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Posted In: Business Development, Client Service, Legal Sales

Ten Tips to Add Octane to Your Business Development/Client Retention Activities

In tough economic times, business development takes on added importance. Here are some truly simple, yet often overlooked ways of adding some fuel to your business development activities. These tips are for seasoned rainmakers as well as for junior lawyers. Business development success is all about the basics.

  1. Make it easy for people to do business with you. Add your contact information to the emails you initiate and to the emails to which you reply. It’s easy to do and it makes life much easier for people who are trying to find your contact information. In Outlook, click on Tools; Options; Mail Format and Signatures, and you will see how easy it is to check the box to add your contact info to all messages.
  2. Get your contact information into a user-friendly format. Provide the opportunity for people to download your v-card directly from your bio. Then all your contacts have to do is click on your v-card and save it in their files. Again, this makes it easy for them to do business with you. If they have to copy all your information from your bio manually, it may not get done and then your info is not what’s in their files!
  3. Categorize your contacts in Outlook. Go to your “Contacts” folder and look for the “Category” label and click on it. You can add multiple (not too many!) categories to sort through your contacts quickly and efficiently. Most firm databases easily transfer this information from Outlook to the database information you have on file. This allows you to then sort through your contacts for specific purposes (e.g., IP in house counsel would have IP as a category and In house counsel as a category). To be totally efficient, have your assistant print out your contacts for you. You can then write onto your list which categories you want each contact to be labeled with. Some of the suggestions we have: industry, specialty, position, holiday card, gender, etc.
  4. Rebuild past relationships. So often we try to meet new people and we already have a lot of good clients who are contacts. Make it a point to call every past client you’ve ever had. They are either referral sources or sources of new business (repeat business) for you. This is one of the best ways to obtain new business. It works all the time for our clients. Whether they CEOs for whom you did a deal or in house counsel who had the firm work on one case, call them to find out how they are doing. Go back at least ten years and make it a point to call to say hello and hear how their life/their business is going. You’ll be amazed at the results.
  5. Thank your clients for doing business with you. It may sound trite, but it works. Make a special effort to write a hand-written note or place a phone call to each client and thank him/her for doing business with you/your firm. They will always appreciate the special effort.
  6. Send a gift. Everyone likes presents. Send a book from the NY Times bestseller list for summer reading; send your favorite new book on leadership to senior executives with whom you do business. For people who send referrals your way, thank them by sending a thank you gift for the gesture once you land the new client. For referrals that may not end up as a client, send the referring party a thank you note for thinking of you enough to recommend you. These gestures go a long way toward building relationships.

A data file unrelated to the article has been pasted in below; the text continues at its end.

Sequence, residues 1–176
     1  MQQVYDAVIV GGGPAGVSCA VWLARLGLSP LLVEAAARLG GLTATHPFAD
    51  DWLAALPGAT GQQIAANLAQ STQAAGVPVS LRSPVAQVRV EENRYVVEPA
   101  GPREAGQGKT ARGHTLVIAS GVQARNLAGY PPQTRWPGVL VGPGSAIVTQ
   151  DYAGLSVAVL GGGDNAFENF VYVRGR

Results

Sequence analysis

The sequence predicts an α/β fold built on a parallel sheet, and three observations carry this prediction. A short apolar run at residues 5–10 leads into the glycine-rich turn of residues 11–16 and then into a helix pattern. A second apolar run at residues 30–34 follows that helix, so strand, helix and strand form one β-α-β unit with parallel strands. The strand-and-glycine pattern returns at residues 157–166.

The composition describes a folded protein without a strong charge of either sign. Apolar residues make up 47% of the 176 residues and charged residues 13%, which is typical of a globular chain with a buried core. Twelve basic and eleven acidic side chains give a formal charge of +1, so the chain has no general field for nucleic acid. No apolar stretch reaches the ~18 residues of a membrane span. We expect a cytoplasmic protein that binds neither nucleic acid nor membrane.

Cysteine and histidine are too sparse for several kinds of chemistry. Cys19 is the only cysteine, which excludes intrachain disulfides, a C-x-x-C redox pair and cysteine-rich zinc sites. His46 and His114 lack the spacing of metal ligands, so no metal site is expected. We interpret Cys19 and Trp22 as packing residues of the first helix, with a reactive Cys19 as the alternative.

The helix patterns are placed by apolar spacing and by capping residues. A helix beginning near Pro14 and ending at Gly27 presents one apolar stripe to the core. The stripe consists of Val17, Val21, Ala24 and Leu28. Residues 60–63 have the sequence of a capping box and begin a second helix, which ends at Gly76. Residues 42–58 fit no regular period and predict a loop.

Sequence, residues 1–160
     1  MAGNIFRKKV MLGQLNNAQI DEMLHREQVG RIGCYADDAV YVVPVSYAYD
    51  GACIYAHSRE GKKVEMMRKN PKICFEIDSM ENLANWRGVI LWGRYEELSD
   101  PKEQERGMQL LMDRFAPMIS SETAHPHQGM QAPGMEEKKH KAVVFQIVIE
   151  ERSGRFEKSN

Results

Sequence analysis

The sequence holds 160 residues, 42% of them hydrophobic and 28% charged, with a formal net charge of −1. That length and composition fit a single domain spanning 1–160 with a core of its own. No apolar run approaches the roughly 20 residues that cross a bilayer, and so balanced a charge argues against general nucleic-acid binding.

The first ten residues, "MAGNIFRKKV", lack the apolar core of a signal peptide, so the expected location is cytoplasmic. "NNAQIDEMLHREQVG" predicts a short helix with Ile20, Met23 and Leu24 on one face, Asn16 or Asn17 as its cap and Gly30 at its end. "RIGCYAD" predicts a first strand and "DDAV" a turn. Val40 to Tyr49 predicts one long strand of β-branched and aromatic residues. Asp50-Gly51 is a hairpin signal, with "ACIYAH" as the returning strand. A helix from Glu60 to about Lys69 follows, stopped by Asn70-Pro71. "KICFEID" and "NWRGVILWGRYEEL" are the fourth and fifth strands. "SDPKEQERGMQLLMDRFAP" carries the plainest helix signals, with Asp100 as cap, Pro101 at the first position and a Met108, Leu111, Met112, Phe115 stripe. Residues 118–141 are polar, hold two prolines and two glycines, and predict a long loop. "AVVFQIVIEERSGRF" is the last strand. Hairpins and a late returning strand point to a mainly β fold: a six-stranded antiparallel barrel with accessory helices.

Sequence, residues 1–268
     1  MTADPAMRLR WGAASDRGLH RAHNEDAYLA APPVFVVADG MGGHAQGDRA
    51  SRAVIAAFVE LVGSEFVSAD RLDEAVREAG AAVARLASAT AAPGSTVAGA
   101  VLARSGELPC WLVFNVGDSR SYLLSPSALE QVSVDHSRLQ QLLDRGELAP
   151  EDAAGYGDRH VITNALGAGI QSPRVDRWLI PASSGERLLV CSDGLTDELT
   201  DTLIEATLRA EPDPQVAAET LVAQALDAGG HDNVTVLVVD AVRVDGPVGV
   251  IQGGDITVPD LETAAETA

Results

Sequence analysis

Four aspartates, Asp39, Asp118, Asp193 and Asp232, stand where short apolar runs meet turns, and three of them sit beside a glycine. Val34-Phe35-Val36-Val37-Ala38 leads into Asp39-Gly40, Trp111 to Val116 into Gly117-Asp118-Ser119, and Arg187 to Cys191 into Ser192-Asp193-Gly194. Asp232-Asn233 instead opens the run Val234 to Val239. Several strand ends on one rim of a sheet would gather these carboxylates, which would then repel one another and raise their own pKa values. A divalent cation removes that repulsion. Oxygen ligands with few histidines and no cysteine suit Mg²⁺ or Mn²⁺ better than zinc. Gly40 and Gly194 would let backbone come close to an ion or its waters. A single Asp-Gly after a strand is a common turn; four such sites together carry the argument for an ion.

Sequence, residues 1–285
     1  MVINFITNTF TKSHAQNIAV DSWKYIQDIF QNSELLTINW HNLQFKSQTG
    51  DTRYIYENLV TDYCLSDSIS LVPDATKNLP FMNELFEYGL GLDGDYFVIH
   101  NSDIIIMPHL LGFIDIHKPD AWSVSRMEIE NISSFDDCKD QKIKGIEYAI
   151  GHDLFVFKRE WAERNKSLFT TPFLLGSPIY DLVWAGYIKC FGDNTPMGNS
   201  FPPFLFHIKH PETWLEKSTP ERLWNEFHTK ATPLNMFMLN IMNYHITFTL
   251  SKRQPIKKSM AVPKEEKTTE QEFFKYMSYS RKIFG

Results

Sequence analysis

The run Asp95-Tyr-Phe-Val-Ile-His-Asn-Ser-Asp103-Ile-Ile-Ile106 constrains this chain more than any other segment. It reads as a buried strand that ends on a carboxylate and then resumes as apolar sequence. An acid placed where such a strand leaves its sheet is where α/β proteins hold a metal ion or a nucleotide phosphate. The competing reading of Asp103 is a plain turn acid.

7. Know your clients. Identify the top five clients with whom you work. Take each one to lunch or schedule a virtual lunch, and learn more about their business. If you are limited due to geographic distance, then visit their web site and learn about their business goals and products by reading press releases, the CEO’s mission statement and investor relations’ pages if public. Ask them how they are doing this year with their goals. People like to know they matter to you and that you are interested. We hear all the time from clients of firms that few of those with whom they have outside relationships ask these questions.
  8. Contact firm alumni. Firm alum represent a huge source of new business or referrals. This, quite simply, is almost always an untapped opportunity. Obtain the list from your HR or recruiting team and email/dial away!
  9. Get set up on Linked In and Facebook. Complete your profiles so it’s easy to find you—keep in mind you will want to maintain the utmost professional profile at all times. Again, make it easy for people to find you and to do business with you. To learn more about Linked In, visit the website linkedin.com, or westlegaledcenter.com for a November 2008 webcast on the topic. If you are in a large firm, ask your IT people to provide you with a tutorial.
  10. Think of three things to say that will make you memorable when you meet people, aka your elevator pitch. For example, if you are an M&A lawyer, don’t just say “I’m an M&A lawyer with XX law firm.” That’s not entirely memorable. Try something like, “I help businesses grow (Note: this focuses on end results and benefits to the buyer) and when I’m not working for clients, I enjoy hiking and other outdoor activities with my family.” They’ll remember you the next time. Give people opportunities to connect with you by saying things about yourself that they will remember. It makes you much more interesting too.

Silvia Coulter is a co-founding Principal at LawVision. She works with firms to help drive revenue through strategic selling and training programs, key account development and management and sales coaching. scoulter@lawvision.com

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